The United Kingdom is the latest foreign government to come out swinging at the A Partnership for National Unity/Alliance For Change (APNU/AFC) coalition in relation to the credibility of the March 2 General and Regional Elections.
UK Foreign Secretary Dominic Raab called on President David Granger to preserve the sanctity of democratic elections.
“We call upon the President to preserve the principle of free, fair and credible elections. Allegations of electoral fraud and premature declarations of victory prior to the completion of a credible process pose a grave threat to the democratic principles of Guyana. We call upon President Granger to ensure that proper procedures are followed before embarking upon a transition of government,” Raab said.
He added that the UK is deeply concerned about the events following the elections in Guyana and that his government stands ready to offer assistance to ensure a credible election result is produced.
UN expresses concern
Meanwhile, Stéphane Dujarric – Spokesperson for United Nations— and Secretary-General António Guterres said that they are following the issue in Guyana and called for calm and restraint when addressing issues arising from the process.
“Turning to Guyana, I can tell you we are following with concern the latest developments there, particularly the allegations that the tabulation of votes from one of the regions, namely Region 4, was not done according to proper legal procedures. We take note of the statements issued by international observers and ambassadors accredited in Georgetown also raising concerns over the situation. We call on all Guyanese to remain calm, exercise restraint and address any disputes arising from the process through legal channels,” Dujarric said.
Raab and the UN Secretary-General’s Office join a long line of foreign powers who have weighed in on the current electoral issues in Guyana.
On Monday, Secretary of State, Mike Pompeo announced that he discussed Guyana’s elections during a meeting with Canada’s Deputy Prime Minister, Chrystia Freeland.
In a tweet, Pompeo said he spoke about several issues including “support for democratic transition in Guyana”.
“Spoke today [Monday] with Canadian Deputy Prime Minister @CAFreeland [Chrystia Freeland] to discuss the crisis in #Venezuela, the COVID-19 outbreak, support for democratic transition in Guyana, and the importance of continued strong @OAS_Official leadership on democracy and human rights,” Pompeo said on his Twitter account.
Pompeo’s statements come on the heels of increased pressure from the international community to have the Guyana Elections Commission (GECOM) completely verify the Region Four (Demerara-Mahaica) results before any declaration is made.
Along with Pompeo, several other US officials have commented on the issue. Acting Assistant Secretary for the US Department of State’s Bureau of Western Hemisphere Affairs, Michael Kozak on Saturday last contended that Guyanese deserve a credible election.
Another US official, Tom Suozzi, who is a representative of New York’s 3rd Congressional District, which includes parts of Queens – where a large number of Guyanese are – also condemned the action by GECOM.
The ABCE diplomatic representatives of the international community have made it clear in a joint statement issued by British High Commissioner Gregory Quinn, United States Ambassador Sarah-Ann Lynch, Canadian High Commissioner Lilian Chatterjee and European Union Ambassador Fernando Ponz-Canto that GECOM must complete the process.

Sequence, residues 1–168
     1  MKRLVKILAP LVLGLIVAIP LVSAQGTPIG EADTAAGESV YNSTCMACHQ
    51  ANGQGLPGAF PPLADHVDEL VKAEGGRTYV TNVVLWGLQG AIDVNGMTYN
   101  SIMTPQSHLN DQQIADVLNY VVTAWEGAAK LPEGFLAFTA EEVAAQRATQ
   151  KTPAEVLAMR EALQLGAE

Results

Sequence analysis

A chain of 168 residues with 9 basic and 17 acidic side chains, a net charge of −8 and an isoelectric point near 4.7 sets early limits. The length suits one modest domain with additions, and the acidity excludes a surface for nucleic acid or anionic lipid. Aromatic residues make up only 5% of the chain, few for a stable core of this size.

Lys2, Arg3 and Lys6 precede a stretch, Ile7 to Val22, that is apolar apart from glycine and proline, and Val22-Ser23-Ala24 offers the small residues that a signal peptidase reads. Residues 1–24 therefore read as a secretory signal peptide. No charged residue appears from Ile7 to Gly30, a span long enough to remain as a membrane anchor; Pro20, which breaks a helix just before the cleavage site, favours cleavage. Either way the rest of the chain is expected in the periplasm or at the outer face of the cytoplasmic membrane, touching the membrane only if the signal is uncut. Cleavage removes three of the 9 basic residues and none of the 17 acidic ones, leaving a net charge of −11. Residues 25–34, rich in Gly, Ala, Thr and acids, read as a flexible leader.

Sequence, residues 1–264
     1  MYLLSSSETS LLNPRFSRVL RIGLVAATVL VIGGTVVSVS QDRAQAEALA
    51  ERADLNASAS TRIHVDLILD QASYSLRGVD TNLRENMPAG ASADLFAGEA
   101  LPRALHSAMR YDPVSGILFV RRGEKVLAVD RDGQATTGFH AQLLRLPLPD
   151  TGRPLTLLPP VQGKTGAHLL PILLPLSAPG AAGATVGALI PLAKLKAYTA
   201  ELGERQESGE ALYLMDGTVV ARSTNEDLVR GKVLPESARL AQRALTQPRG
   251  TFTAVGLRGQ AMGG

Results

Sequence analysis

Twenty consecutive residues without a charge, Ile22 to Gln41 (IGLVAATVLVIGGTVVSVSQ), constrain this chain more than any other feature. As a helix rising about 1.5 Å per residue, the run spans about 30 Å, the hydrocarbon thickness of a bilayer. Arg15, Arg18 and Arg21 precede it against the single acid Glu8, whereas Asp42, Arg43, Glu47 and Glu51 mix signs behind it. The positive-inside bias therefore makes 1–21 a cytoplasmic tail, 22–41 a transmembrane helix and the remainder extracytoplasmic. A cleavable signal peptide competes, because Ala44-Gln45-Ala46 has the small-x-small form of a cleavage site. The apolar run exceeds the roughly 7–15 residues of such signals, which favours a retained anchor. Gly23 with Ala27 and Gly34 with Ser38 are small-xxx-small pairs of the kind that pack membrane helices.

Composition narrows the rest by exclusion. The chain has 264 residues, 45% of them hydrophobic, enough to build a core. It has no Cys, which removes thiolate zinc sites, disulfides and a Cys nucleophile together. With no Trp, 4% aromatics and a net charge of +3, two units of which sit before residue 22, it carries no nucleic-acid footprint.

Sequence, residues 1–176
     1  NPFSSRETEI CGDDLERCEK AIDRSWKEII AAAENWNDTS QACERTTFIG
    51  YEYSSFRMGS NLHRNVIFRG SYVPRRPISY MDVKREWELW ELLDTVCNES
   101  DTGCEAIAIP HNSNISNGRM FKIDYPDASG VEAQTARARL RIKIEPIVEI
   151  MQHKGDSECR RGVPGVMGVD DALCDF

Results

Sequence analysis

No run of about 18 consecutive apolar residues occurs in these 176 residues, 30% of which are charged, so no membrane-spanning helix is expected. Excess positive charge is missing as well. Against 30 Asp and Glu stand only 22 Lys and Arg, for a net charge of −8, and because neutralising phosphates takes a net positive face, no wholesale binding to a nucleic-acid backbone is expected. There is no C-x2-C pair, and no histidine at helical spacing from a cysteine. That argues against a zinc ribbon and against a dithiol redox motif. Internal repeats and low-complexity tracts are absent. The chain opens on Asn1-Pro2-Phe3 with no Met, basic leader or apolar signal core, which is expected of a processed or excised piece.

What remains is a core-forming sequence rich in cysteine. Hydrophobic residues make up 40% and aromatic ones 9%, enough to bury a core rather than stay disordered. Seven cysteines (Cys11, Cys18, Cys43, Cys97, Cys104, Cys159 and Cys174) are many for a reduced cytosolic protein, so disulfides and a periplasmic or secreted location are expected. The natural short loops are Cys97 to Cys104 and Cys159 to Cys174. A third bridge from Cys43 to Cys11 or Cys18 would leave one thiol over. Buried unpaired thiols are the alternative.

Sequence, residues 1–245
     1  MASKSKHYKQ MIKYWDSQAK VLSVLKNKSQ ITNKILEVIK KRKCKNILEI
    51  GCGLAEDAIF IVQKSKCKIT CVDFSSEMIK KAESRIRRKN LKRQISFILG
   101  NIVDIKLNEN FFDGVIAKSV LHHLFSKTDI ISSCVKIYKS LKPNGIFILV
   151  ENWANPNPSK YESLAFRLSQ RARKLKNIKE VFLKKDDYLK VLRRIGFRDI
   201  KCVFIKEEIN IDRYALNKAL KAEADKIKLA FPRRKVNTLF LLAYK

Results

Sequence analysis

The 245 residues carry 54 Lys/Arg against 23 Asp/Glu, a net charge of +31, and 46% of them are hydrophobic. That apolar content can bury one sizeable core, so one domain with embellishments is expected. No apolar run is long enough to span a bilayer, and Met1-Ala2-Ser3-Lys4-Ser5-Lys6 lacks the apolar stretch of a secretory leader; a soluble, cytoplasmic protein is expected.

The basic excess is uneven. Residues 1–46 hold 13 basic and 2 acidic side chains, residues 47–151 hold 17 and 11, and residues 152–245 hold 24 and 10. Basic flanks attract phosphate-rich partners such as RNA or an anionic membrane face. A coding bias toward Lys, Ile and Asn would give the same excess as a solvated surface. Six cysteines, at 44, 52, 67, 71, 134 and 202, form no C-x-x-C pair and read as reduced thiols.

In their statement, the group noted that based on their observation of GECOM proceedings at the Region Four office and the fact that the full count was not completed, they questioned the credibility of the Region Four results.
Caricom, as well as individual regional leaders – including the Prime Minister of St Vincent and the Grenadines, Ralph Gonsalves and Prime Minister of Antigua, Gaston Browne— have weighed in on the situation, calling for the resumption of the verification process.
The western democracies’ sentiments were in sync with the local business community which insisted that the electoral process that undergirds democratic governance should not be subverted. Caricom, Organisation of American States, Commonwealth, France and Norway were among numerous groupings which called for the complete verification of the Region Four results.
The Private Sector Commission (PSC) also made it clear that they are appalled at GECOM’s attempts to trample on the statutory process. The Commission also noted that GECOM’s actions are occurring under the watch of the Chairperson, Retired Justice Claudette Singh.
On the evening of March 5, Chief Elections Officer Keith Lowenfield had committed to having the verification process run throughout the night until completion. However, this was never done, which was a clear violation of the law.
An injunction was sought and granted to former Attorney General Anil Nandlall after the Returning Officer for Region Four, Clairmont Mingo, attempted to declare unverified results for District Four from the General and Regional Elections.
Mingo, however, secretly declared the results – to the surprise of the main political Opposition, smaller political parties, elections observer missions, and the wider international community.
The matter is currently before the court with acting Chief Justice Roxane George slated to deliver her judgement at 14:00h today.